Contents


Anatomy of a Murder

Blood on the Moon: The Assassination of Abraham Lincoln by Edward Steers Jr.

Lincoln’s Assassins: Their Trial and Execution by James L. Swanson and Daniel R. Weinberg

A Soft Spot for Napoleon

Napoleon and Berlin: The Franco-Prussian War in North Germany, 1813 by Michael V. Leggiere

Napoleon by Paul Johnson

Napoleon: A Biography by Frank McLynn

Napoleon Bonaparte: England’s Prisoner by Frank Giles

Should We Adore Adorno?

Philosophy of Modern Music by Theodor W. Adorno, translated from the German by Anne G. Mitchell and Wesley V. Blomster

Essays on Music by Theodor W. Adorno, selected and with an introduction, commentary, and notes by Richard Leppert, and new translations from the German by Susan H. Gillespie

Beethoven: The Philosophy of Music by Theodor W. Adorno, edited by Rolf Tiedemann, translated from the German by Edmond Jephcott

Contributors

Russell Baker is a former columnist and correspondent for The New York Times and The Baltimore Sun. His books include The Good Times, Growing Up, and Looking Back.
 (November 2016)

John Bayley is a critic and novelist. His books include Elegy for Iris and The Power of Delight: A Lifetime in Literature.

J.M. Coetzee is Professorial Research Fellow at the University of Adelaide. He is the author of sixteen works of fiction, as well as many works of criticism and translation. He was awarded the Nobel Prize in Literature in 2003.
 (January 2017)

Gordon A. Craig (1913–2005) was a Scottish-American historian of Germany. He taught at both Princeton and Stanford, where he was named the J.E. Wallace Sterling Professor of Humanities in 1979.

Denis Donoghue is Emeritus University Professor of English and American Letters at NYU. (April 2016)

Amos Elon (1926–2009) was an Israeli journalist. His final book was The Pity of It All: A Portrait of Jews In Germany 1743 – 1933.

James Fenton is a British poet and literary critic. From 1994 until 1999, he was Oxford Professor of Poetry; in 2015 he was awarded the PEN Pinter Prize. He is the author of School of Genius: A History of the Royal Academy of Arts and, most recently, Yellow Tulips: Poems, 1968–2011.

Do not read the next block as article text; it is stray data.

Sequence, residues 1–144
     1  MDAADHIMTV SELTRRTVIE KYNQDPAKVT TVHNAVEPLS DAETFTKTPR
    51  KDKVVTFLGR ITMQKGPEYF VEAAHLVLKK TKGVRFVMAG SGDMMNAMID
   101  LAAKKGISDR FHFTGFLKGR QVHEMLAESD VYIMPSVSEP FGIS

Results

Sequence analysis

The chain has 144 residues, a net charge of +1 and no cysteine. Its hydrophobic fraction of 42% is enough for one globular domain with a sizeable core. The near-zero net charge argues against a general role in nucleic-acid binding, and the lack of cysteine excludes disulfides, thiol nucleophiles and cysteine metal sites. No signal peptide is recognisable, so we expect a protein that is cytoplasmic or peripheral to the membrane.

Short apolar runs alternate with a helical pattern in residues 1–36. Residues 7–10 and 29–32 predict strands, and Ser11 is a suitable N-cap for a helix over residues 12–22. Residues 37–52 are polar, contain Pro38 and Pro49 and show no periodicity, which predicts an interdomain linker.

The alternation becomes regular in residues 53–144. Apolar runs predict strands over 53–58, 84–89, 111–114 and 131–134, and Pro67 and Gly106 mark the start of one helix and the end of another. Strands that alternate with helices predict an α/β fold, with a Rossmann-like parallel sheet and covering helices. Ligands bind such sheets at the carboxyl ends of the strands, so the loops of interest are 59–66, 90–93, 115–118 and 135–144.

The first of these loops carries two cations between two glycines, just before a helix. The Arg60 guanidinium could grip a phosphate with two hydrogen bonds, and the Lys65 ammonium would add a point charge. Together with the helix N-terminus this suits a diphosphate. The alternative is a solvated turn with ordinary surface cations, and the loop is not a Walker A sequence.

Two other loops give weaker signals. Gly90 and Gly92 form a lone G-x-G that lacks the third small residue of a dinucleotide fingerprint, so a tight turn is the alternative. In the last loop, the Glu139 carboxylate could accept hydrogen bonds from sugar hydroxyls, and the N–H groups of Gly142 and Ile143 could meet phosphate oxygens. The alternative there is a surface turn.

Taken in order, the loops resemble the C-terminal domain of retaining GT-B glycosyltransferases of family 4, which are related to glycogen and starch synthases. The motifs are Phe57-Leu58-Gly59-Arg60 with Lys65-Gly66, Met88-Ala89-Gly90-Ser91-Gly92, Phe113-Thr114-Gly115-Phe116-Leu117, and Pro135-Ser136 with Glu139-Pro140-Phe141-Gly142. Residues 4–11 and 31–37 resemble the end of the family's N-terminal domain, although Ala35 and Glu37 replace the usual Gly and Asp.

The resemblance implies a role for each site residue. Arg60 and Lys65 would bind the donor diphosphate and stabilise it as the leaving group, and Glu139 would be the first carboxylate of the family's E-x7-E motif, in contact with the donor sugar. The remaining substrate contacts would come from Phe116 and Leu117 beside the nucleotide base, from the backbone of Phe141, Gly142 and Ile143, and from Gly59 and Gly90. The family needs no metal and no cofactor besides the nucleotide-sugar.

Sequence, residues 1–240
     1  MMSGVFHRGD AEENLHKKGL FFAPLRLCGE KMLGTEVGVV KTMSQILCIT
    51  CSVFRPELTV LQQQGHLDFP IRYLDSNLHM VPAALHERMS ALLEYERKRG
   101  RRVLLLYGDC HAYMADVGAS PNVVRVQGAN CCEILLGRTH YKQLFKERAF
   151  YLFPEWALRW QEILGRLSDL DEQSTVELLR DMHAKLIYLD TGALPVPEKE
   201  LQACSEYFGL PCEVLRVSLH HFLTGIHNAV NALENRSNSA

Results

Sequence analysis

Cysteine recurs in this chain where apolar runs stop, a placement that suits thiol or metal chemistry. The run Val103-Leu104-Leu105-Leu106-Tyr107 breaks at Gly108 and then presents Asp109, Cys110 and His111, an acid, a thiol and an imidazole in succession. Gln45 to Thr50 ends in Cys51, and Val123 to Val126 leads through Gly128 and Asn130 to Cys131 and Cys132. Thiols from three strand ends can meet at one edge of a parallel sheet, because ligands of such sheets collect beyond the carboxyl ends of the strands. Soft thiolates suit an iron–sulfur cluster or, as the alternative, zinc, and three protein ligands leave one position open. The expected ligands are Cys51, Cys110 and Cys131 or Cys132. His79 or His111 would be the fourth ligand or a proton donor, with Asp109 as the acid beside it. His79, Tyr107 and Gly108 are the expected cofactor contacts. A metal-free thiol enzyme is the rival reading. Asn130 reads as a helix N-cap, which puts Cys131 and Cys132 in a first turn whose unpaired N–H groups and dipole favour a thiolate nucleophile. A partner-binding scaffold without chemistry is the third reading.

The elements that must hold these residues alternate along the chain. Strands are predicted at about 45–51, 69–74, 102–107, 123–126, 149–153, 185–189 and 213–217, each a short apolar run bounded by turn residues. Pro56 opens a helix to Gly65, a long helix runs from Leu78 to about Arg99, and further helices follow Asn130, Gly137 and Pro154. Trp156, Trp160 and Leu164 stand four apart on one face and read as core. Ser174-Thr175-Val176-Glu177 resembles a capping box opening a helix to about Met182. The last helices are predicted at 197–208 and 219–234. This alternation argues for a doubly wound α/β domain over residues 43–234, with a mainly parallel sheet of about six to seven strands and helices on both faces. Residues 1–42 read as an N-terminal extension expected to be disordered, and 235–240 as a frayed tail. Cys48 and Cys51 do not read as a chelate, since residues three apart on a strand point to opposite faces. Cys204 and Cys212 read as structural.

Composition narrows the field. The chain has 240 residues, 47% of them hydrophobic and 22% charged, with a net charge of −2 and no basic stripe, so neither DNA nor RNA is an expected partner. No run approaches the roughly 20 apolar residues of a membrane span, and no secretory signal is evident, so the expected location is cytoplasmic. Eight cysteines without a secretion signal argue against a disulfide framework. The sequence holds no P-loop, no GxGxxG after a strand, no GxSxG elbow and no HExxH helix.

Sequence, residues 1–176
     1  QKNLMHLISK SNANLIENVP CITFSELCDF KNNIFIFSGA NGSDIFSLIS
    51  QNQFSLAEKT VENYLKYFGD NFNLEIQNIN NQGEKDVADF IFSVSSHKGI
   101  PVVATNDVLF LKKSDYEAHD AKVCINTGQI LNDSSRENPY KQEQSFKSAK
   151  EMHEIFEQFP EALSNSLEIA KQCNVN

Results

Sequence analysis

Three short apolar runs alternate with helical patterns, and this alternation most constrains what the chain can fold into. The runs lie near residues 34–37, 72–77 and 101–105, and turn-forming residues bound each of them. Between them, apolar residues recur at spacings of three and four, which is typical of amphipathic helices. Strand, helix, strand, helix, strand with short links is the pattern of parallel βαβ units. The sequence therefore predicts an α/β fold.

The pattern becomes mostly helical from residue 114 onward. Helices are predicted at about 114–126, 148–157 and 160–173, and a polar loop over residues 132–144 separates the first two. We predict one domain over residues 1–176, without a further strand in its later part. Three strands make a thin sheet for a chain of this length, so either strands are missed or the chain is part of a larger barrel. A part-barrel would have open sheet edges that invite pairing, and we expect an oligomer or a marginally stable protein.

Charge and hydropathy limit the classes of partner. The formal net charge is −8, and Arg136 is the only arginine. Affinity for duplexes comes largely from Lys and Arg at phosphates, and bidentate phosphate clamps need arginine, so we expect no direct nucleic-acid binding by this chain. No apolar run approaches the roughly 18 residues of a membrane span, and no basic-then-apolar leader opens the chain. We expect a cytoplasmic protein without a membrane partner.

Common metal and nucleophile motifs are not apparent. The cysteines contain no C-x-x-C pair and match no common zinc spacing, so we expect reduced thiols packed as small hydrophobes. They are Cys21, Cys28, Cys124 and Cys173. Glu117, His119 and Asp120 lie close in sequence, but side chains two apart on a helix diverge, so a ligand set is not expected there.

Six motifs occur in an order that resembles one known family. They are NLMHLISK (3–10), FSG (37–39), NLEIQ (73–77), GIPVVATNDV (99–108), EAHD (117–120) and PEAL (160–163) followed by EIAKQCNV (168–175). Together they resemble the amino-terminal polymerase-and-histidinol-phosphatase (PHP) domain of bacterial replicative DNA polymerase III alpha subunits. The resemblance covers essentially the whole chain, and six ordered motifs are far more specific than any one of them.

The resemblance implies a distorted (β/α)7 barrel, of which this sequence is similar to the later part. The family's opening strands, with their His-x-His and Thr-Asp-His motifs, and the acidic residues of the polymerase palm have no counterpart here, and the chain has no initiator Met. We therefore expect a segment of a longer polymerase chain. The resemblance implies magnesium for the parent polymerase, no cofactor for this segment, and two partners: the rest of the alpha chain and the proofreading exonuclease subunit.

(October 2017)

Stuart Hampshire (1914–2004) was an English philosopher. He taught at University College London, Princeton, Stanford and Oxford, where he was named Warden of Wadham College. His books include Thought and Action, Spinoza and Justice Is Conflict.

Václav Havel (1936–2011) was the last president of Czechoslovakia and the first president of the Czech Republic. Havel was one of the six signers of the statement “Tibet: The Peace of the Graveyard.”

Pico Iyer is a Distinguished Presidential Fellow at Chapman University. His books include The Art of Stillness and The Man Within My Head.
 (June 2017)

Mark Lilla is Professor of Humanities at Columbia. With New York Review Books he has published The Shipwrecked Mind: On Political Reaction (2016), The Reckless Mind: Intellectuals in Politics (2nd. ed., 2016), and, with Robert Silvers and Ronald Dworkin, The Legacy of Isaiah Berlin (2001). His other books include G.B. Vico: The Making of an Anti-Modern (1994), The Stillborn God: Religion, Politics, and the Modern West (2007), and, most recently, The Once and Future Liberal: On Political Reaction (2017). He was the 2015 Overseas Press Club of America winner of the Best Commentary on International News in Any Medium for his New York Review series “On France.” Visit marklilla.com.

Hilary Mantel is an English novelist, short story writer, and critic. Her novel, Wolf Hall, won the Man Booker Prize in 2009.

Tim Parks is the author of many novels, translations, and works of nonfiction, most recently Life and Work: Writers, Readers, and the Conversations Between Them and the novel In Extremis. (November 2017)

Charles Rosen was a pianist and music critic. In 2011 he was awarded a National Humanities Medal.

Charles Simic has been Poet Laureate of the United States. His latest book is Scribbled in the Dark, a volume of poetry. (November 2017)

John Weightman (1915–2004) was a critic and literary scholar. After working as a translator and announcer for the BBC French service, Weightman turned to the study of French literature. He taught at King’s College London and the University of London. His books include The Concept of the Avant-Gardeand The Cat Sat on the Mat: Language and the Absurd.

Steven Weinberg teaches at the University of Texas, Austin. He has been awarded the Nobel Prize in Physics and the National Medal of Science. His latest book is To Explain the World: The Discovery of Modern Science. His essay in this issue is based on the fourth annual Patrusky Lecture of the Council for the Advancement of Science Writing, delivered in San Antonio in October 2016. (January 2017)

Paul Wilson’s translation of Bohumil Hrabal’s early stories, Mr. Kafka and Other Tales from the Time of the Cult, is published this month. (November 2015)

Bertram Wyatt-Brown is Richard J. Milbauer Professor of History at the University of Florida. His most recent books are The Shaping of Southern Culture: Honor, Grace, and War and the forthcoming Hearts of Darkness: Wellsprings of a Southern Literary Tradition. (October 2002)